“A Mobile Music Museum Experience for Children”

by Mikkel Helleberg Jørgensen, Aske Sønderby Knudsen, Thomas Michael Wilmot, Kasper Duemose Lund, Stefania Serafin, Hendrik Purwins
has been accepted as a demo at The International Conference on New Interfaces for Musical Expression (NIME) 2015:

Talk by Mads Græsbøll Christensen & Hendrik Purwins

Mads Græsbøll Christensen & Hendrik Purwins, Audio Analysis Lab, Aalborg University gave talk at the Danish Neuroscience Center in connection with the Music in the Brain Seminars.

The Audio Analysis Lab, Modelling Musical Category Formation, and Neural Correlates of Musical Attention.


The talk has three parts:
I. The Audio Analysis Lab was founded in 2012 and is located at the Dept. of Architecture, Design & Media Technology at Aalborg University in Denmark. The lab conducts basic and applied research in signal processing theory and methods aimed at or involving analysis of audio signals. The research currently focuses on audio processing for communication systems (VoIP, cellphones, etc.), hearing aids, music equipment, surveillance, and audio archives (e.g., compression and information retrieval). In this talk, we will present the lab, its members and our ongoing major projects and highlight our biggest contributions so far.
II. We present a system that learns the rhythmical structure of percussion sequences from an audio example in an unsupervised manner, providing a representation that can be used for the generation of stylistically similar and musically interesting variations. The procedure consists of segmentation and symbolization (feature extraction, clustering, sequence structure analysis, temporal alignment). In a top-down manner, an entropy-based regularity measure determines the number of clusters into which the samples are grouped. A variant of that system that adjusts the number of (timbre) clusters instantaneously to the audio input. A sequence learning algorithm adapts its structure to a dynamically changing clustering tree. The prediction of the entire system is evaluated using the adjusted Rand Index, yielding good results.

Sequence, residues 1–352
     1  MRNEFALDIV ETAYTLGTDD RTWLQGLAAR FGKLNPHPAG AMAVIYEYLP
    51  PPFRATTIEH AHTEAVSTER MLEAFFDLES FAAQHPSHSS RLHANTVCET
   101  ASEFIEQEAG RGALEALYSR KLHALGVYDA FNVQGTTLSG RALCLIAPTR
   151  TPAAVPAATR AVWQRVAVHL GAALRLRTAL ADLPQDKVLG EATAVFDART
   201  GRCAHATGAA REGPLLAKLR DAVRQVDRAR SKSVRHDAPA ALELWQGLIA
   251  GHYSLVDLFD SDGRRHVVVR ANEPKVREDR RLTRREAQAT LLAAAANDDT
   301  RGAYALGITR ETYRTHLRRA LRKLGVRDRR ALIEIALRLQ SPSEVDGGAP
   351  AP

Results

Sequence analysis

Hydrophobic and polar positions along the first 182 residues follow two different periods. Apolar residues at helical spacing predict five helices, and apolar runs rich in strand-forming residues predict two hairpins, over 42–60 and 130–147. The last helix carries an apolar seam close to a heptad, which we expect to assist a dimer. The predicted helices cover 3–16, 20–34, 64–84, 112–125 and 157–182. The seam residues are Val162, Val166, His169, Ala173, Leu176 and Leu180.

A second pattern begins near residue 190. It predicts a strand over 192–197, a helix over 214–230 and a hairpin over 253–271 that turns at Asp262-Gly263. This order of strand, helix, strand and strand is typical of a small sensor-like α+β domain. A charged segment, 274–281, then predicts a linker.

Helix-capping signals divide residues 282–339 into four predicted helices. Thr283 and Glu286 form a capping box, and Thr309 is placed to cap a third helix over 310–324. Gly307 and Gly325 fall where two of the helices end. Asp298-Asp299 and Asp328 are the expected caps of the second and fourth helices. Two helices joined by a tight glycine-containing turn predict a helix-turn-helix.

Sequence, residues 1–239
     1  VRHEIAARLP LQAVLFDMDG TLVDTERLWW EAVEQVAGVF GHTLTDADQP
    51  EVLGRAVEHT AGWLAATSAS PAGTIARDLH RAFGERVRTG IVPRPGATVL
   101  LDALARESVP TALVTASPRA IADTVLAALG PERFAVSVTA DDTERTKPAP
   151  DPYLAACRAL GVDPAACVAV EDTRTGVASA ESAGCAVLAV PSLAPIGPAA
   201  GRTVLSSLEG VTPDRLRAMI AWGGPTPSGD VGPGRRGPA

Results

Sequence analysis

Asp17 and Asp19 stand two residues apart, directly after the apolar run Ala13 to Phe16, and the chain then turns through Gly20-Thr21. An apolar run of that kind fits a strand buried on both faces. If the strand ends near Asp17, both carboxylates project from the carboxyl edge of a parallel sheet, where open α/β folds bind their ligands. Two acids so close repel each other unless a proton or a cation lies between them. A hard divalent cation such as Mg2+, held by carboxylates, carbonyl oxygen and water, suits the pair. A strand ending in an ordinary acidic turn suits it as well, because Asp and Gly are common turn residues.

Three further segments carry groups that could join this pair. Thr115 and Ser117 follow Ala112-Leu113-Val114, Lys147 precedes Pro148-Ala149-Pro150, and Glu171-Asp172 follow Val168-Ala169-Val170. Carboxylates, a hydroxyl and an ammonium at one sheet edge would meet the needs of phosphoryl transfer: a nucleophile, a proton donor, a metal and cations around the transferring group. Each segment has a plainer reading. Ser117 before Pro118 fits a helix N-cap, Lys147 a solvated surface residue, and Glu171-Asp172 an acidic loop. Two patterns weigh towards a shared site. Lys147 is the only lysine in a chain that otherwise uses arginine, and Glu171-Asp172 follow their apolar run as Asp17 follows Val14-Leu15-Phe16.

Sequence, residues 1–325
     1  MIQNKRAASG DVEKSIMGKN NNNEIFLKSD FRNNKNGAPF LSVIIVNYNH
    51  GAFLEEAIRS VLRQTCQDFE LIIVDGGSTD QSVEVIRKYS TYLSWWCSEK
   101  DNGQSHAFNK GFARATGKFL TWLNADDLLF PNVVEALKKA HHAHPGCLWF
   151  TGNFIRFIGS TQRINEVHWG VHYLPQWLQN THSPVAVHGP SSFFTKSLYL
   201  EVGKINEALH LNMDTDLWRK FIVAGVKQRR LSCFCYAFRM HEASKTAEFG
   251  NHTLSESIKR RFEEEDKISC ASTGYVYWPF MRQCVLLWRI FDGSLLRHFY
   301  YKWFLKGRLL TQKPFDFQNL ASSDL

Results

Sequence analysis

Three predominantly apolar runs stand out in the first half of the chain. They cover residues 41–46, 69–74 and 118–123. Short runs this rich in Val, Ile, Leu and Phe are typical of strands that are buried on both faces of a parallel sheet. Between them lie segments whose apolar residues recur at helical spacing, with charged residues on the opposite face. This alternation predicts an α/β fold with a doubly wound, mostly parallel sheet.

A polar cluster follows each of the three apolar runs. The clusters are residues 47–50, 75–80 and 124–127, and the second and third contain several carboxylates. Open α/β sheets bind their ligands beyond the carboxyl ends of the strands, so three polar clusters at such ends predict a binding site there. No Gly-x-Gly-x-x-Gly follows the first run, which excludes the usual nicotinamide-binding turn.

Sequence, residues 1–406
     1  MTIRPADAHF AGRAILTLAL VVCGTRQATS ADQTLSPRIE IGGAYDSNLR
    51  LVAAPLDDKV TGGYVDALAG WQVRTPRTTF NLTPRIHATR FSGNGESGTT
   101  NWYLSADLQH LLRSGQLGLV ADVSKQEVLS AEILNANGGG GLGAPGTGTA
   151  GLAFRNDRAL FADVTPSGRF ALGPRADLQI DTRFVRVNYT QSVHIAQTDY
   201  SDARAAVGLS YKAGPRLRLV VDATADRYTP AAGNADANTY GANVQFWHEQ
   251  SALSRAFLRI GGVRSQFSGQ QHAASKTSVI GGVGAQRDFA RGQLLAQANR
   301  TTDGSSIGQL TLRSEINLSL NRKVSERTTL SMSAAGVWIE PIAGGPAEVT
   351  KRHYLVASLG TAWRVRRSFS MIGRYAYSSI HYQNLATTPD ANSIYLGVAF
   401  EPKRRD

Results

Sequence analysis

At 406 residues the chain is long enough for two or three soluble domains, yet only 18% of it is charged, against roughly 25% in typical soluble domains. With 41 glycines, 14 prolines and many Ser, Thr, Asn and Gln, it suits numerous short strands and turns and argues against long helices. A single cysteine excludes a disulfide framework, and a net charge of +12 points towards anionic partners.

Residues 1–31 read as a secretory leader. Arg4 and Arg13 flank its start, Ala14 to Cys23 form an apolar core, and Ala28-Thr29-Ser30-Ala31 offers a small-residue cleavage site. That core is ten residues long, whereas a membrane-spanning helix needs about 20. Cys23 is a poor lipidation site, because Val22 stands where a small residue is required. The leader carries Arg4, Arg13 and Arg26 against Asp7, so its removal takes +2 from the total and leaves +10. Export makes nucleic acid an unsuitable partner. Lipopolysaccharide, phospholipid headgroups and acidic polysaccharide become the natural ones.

III. In a multi-streamed oddball experiment, we had participants shift selective attention to one out of three different instruments in music audio clips. Contrasting attended versus unattended instruments, ERP analysis shows subject- and instrument-specific responses including P300 and early auditory components. The attended instrument can be classified online with a mean accuracy of 91% across 11 participants. This is a proof of concept that attention paid to a particular instrument in polyphonic music can be inferred from ongoing EEG, a finding that is potentially relevant for both brain-computer interface and music research.

Best Paper Award at ICIDS'14

Luis E. Bruni, Sarune Baceviciute and Mohammed Arief, from the Augmented Cognition lab at AD:MT (Copenhagen) won the best paper award at ICIDS 2014 – International Conference on Interactive Digital Storytelling, hold in November 3-7, 2014 at the National University of Singapore.
The article titled “Narrative Cognition in Interactive Systems: Suspense-Surprise and the P300 ERP Component” is published in Springer’s Interactive Storytelling – Lecture Notes in Computer Science, Vol. 8832, 2014.